ucanews.com reporter, Hong KongUpdated: February 25, 2016 10:55 AM GMT
A cross from the rooftop of Zhuangyuan Catholic Church was removed by the Chinese authorities on Feb. 25. (Photo supplied.)
Chinese authorities have taken down the first Catholic Church cross this year in Wenzhou Diocese in the latest sign the removal campaign in Zhejiang province is continuing.
Government officials removed the cross of Zhuangyuan Church in Yongqiang parish just before dawn on Feb. 25, two weeks after Zhejiang's religious affairs director called for "religious stability" ahead of the G20 Summit in the provincial capital Hangzhou in September.
The "underground" Catholic community in Yongqiang parish called an emergency meeting the previous evening amid warnings the cross was about to be removed. They were unable to stop state officials despite resisting a similar attempt to remove the cross last year.
"The person in charge of the church did not inform the parish priest about the removal this time, possibly because government officials threatened him to keep quiet," an underground church worker told ucanews.com on condition of anonymity. "When the priest realized the situation from others, he called a meeting immediately."
At least 18 Protestant church crosses have been removed in Zhejiang so far this year. But this is the first time authorities have targeted the much smaller Catholic community — an estimated 210,000 people — amid an ongoing campaign in which more than 1,700 crosses have been removed since the end of 2013.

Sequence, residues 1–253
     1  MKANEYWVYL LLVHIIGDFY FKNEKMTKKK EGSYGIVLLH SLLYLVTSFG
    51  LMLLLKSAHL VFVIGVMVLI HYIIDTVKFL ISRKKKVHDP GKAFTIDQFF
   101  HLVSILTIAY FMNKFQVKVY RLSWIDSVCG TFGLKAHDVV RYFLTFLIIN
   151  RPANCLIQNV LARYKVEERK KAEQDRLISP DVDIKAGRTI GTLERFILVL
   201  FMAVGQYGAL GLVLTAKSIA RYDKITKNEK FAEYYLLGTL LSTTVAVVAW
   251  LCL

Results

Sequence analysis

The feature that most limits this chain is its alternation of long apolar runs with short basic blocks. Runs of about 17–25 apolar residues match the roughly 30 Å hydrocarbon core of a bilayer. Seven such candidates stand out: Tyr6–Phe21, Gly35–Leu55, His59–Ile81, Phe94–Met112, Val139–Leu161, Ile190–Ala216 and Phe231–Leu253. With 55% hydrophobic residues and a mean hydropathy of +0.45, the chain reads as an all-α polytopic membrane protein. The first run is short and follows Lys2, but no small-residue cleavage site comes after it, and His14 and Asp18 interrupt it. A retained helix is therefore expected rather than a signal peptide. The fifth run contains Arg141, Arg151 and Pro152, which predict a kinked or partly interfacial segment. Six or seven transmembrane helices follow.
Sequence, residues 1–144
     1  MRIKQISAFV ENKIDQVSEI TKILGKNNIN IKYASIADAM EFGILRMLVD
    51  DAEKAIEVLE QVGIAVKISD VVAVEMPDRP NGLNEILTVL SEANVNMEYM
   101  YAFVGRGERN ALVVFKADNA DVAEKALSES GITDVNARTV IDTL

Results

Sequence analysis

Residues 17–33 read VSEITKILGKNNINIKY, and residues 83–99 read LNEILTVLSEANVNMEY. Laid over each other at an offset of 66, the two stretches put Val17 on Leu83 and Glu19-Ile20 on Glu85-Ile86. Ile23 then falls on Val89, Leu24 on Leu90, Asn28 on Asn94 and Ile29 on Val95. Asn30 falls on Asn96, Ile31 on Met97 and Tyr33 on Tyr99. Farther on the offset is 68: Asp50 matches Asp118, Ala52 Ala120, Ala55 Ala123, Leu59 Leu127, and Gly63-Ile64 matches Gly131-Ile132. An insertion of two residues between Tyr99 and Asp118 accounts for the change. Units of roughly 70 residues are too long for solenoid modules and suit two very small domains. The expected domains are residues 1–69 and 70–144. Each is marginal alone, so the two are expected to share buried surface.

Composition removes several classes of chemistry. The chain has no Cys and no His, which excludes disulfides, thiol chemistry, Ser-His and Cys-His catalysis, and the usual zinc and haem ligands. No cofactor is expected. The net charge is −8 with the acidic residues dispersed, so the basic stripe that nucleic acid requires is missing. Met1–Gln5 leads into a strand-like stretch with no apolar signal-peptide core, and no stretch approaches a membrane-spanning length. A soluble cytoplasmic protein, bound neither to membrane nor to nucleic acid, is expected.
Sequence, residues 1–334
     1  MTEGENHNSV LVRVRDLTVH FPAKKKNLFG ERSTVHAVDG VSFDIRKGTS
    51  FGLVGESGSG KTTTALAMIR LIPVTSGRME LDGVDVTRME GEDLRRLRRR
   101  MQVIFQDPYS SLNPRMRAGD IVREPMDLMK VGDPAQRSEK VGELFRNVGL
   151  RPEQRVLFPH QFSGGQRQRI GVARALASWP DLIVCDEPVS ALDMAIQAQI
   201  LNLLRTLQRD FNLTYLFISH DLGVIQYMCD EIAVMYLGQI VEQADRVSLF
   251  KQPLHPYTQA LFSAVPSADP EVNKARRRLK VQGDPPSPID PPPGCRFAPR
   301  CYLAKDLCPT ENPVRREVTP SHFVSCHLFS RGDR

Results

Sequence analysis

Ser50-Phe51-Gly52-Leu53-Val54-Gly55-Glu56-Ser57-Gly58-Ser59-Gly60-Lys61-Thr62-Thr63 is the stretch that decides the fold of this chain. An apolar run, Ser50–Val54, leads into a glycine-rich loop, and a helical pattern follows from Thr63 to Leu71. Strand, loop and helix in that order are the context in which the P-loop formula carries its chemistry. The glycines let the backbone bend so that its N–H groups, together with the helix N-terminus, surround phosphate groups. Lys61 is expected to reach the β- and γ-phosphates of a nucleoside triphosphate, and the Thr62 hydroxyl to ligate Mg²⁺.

Authorities also appeared to be targeting another Catholic church in Yongqiang parish — Bajia Church — following reports the local government ordered electricity and water to be cut off to the building on Feb. 24.
"The Chinese New Year ended on Feb. 22. So everyone is back at work, including the religious officials and demolition workers," wrote the Catholic Evangelization Group on Wechat, a popular social media app in China.
The latest cross removal in Zhejiang follows a provincial Religious Affairs Commission video conference on Feb. 4, in which director Feng Zhili told officials to be prepared to maintain "religious stability" before the G20 Summit in Hangzhou on Sept. 4-5, reported local media.
In an apparent effort to contain simmering discontent among the millions of Christians who live in Zhejiang province, authorities have ordered no more cross removals in Hangzhou itself before the G20.
"Even if there are cross removals, they [authorities] said they would seek approval from the diocese first," said a priest in Hangzhou who asked not to be named. "But I am not certain authorities will really stop removing crosses as policy often changes."